I was going to write something more lighthearted this week. I keep a little log of various ideas for blog posts, and each week I spend a significant amount of time trying to piece my thoughts together before I sit down to actually write each post. I usually have three or four ideas running, and so this week I was going to talk about something a little more carefree and breezy, especially since my mom said I sounded a little “down” after last weeks post.
But, I’ve changed my mind.
For one, I’m not “down,” at least not terribly far down, not down in a deep, existential sort of way. I’m happy, or at least content, for the most part, and last weeks post wasn’t so much a complaint as it was an honest evaluation of what our lives look like and how God is working in them to make us look more like what he’d have us to look like.
Secondly, I had several people contact me this last week and thank me for that post, because they often felt the same way but were afraid *1* to admit it out loud. I do want to be honest about who we are and what we struggle with, and I’m glad that was helpful, in any way it could be.
With that being said, I want to turn my attention towards contentment’s bastard brother, complacency, specifically, how easy it is to turn one into the other.
I am, at times, blown away by the cleverness of Satan, and how good he is at getting you no matter which way you go. I mean, sure, he’s happy to get you to live a life of open rebellion and sin, debauchery and whatnot, but it seems he’s equally competent to give you a range of sins that look suspiciously like those virtues we so admire. Abstinence instead of monogamy, avoidance instead of self-control, *2* the list could go on and on, and I think this is especially true in the case of contentment.
It is just so easy to mistake contentment with complacency.
This is especially true for someone like me, who tends to be a little laid back *3*, doesn’t particularly like change and thrives off of a steady, day to day routine. I’m tempted to give countless examples of this, but I don’t know if that’s needed or not, and so let me just say that one of the great battles in my own personal sanctification has been learning the difference between godly contentment and worldly complacency.
Not that I’m all the way there yet.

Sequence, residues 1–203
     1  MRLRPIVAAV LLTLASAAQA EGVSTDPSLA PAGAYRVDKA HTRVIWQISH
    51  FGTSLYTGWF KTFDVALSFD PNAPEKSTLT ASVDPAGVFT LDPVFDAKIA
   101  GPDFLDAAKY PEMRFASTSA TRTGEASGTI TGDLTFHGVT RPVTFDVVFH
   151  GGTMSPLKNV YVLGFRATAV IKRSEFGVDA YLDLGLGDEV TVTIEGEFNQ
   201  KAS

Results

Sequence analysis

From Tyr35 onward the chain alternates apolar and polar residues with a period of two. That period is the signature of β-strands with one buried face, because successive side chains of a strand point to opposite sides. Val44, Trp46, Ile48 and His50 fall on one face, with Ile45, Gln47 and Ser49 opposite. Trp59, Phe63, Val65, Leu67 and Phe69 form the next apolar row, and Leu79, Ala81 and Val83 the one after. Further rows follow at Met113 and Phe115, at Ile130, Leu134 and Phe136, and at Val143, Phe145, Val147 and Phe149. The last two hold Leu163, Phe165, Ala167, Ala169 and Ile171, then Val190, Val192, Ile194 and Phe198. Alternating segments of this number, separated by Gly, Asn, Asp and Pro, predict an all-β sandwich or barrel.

This may be a tangent, but I wonder if the reason we struggle so much with this is because we misunderstand the relationship between work and grace. *4* As in, if we have to work at something, it must not be of grace. Again, you can see how easy it is to let Satan get you on either side, because one of the great lies, perhaps THE great lie of Satan is that you can somehow work for, or merit salvation, a lie which makes up the core of every religion that is not biblical Christianity. But, that doesn’t mean that grace is without work, or that to work or try or struggle with something isn’t compatible with the grace of God.
I think quite the opposite is true. I think, especially for someone like me, hard work is very much a grace, especially regarding sin and righteousness. The Puritans called it “mortification,” a word that has fallen out of vogue but is very much in line with what must happen to all of those who would seek to grow in grace.
That was definitely a tangent.
My point is this. Complacency comes naturally. Contentment comes supernaturally, and understanding this makes it far easier to distinguish between the two.
This plays into our work as missionaries as well. Especially in France, where the work is measured more by decades than by days. Our form of evangelism, it isn’t flashy, it isn’t numbers driven to be sure, *5* we won’t even be building houses or roads like other MTW missionaries in 3rd world countries do. *6* I would think it all too easy to grow complacent in the day to day routine of living and working there, and so this is something I suspect I will always have to guard against.
I’ve a little one looking at me with hungry eyes. Tune in next week, where we’ll be all about puppies. Thank you for your prayers.
*1* No one actually used the word “afraid,” nor do I want to overstate the impact my writing had on someone else. But I do think that the only post that has gotten me more feedback than last weeks was the one over what to do with all our stuff…
*2* The use of sex and alcohol more readily come to mind as places where Satan gets us on either side, but there is no vice you can think of that doesn’t have an equally damning false virtue to go along with it.
*3* I could probably substitute the word lazy, and that might or might not be fair depending on the context, and how charitable you want to be towards me.
*4* I’m using the royal “we” here, but even though I’m talking mostly about myself I can’t imagine I’m alone in this struggle.
*5* At least in the Billy-Graham-open-air-stadium sort of way.
*6* This isn’t a judgment on those who do this sort of work, nor is it to imply that there isn’t some danger of complacency in doing that sort of work, it’s simply an acknowledgement that isn’t the sort of work we’ll be doing.